Study Analyzes NFL Diversity

A new study published and co-authored by Chris Rider, assistant professor of strategy at the McDonough School of Business, found that racial diversity is drastically lacking among National Football League head coaches.

The new research found that white coaches are more than twice as likely to get promoted to head coach than minority coaches, even if they have equivalent experience, equivalent performance and identical career paths. The study was co-authored by James B. Wade, professor of strategy and leadership at The George Washington University, Anand Swaminathan, professor of organization and management at Emory University Goizueta Business School and Andreas Schwab, associate professor at Iowa State University.

According to Rider, the researchers did not expect to find such telling results.

“We were surprised by the magnitude; it’s very large,” Rider said.

While previous research has shown that leaders of large business organizations are disproportionately white, the authors were interested in studying this trend in a controlled setting. Rider and his co-authors chose to study the NFL because of its hierarchical structure and the clear, high standard of performance, allowing the researchers to more easily follow the career path of an NFL coach and to control for non-racial factors.

Rider and his co-authors found that white coaches may have an advantage over minority coaches because minority candidates are often given entry-level positions that provide little opportunity for upward mobility when they start working for the NFL. In the past, over 70 percent of NFL head coach positions have been filled by an offensive or defensive coordinator, while lower ranked positions like running back coaches or defensive line coaches rarely become head coaches.

The Rooney Rule, established in 2003, requires all NFL organizations to interview at least one minority candidate when hiring a new head coach. Although the number of minority head coaches has increased, Rider and his co-authors could not clearly conclude whether or not the Rooney Rule has been effective in increasing the diversity among NFL head coaches.

“The lesson for us is that any organization that wants to implement a Rooney Rule-style intervention has to be very specific about what they would expect if they don’t do this, what the objective is, and what the current levels are,” Rider said. “Absent that information, you’re going to be debating for years to come whether or not it worked.”

Rider said more organizations should turn to the NFL as an example when deciding how to best diversify.

“My co-authors and I believe that the NFL is at the forefront of acknowledging and addressing racial disparity,” Rider said. “The Rooney Rule is considered a model for many organizations to follow. We think that other organizations and industries might want to look to the NFL. … But in implementing these kinds of interventions, the most important thing, from our perspective, is to establish an expectation for what would have happened if you don’t implement this.”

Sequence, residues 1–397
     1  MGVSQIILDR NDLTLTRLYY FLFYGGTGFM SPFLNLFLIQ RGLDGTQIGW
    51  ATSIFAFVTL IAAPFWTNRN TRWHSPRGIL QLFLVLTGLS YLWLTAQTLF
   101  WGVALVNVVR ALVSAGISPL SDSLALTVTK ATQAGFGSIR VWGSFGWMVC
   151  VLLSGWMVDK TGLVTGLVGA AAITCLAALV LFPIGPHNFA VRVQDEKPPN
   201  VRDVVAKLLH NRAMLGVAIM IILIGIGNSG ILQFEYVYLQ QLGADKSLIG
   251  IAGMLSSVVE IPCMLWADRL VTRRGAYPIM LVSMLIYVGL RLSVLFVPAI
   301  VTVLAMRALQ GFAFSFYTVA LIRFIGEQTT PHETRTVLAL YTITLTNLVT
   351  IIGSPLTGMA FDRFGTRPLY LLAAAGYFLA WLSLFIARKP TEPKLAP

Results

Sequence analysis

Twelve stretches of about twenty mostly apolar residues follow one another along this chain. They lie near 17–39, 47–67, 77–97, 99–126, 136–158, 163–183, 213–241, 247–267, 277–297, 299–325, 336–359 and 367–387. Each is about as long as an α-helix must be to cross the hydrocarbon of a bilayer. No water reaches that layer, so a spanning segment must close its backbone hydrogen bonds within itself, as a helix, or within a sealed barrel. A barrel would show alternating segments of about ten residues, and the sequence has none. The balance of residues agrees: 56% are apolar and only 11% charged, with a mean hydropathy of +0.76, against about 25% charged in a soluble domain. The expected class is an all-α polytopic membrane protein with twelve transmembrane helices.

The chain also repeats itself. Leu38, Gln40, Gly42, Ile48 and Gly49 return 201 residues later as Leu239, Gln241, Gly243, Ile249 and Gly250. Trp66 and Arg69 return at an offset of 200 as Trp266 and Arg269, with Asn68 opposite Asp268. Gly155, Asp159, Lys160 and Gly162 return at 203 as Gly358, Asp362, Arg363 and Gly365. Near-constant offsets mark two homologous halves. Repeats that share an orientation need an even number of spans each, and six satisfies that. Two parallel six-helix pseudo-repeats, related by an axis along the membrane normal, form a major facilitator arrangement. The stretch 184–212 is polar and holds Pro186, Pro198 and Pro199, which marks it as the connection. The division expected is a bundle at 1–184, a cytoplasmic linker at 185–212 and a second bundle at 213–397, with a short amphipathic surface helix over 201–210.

However, according to Rider, diversification methods would be more effective if they encompassed the whole organization, and were not just concentrated on the top positions.

“Our research suggests that it’s going to be even more effective if it’s accompanied by lower level interventions that raise the rate at which minorities are not only included on the interview list, but also in the candidate pool,” Rider said.

Jake Moran (SFS ’19), a longtime NFL fan, said that that the NFL still has a long way to go in achieving diversity among its coaches. According to USA Today, only 17 non-white candidates were chosen to be head coaches between 1963 and 2012, while 124 white head coaches were hired.

“It’s getting more diverse as time goes on, but I still wouldn’t consider it diverse,” Moran said. “For example, an African American didn’t head coach the Super Bowl until Tony Dungy and Lovie Smith in 2007. The [Buffalo] Bills just hired the first full-time female coach so teams are making progress.”

Robert Brook (MSB ‘18), a New England Patriots fan, said it is surprising that although the diversity of players in the NFL has increased in recent years, diversity still lacks among NFL head coaches.

“In a league that is increasingly more diverse that trend has not been met with an increasingly diverse hiring of head coaches … Whether it is a calculated decision or not, it is simply hard to ignore the fact that all too often African American candidates who are perfectly qualified for the job are looked over in the favor of white coaches,” Brook said.

 

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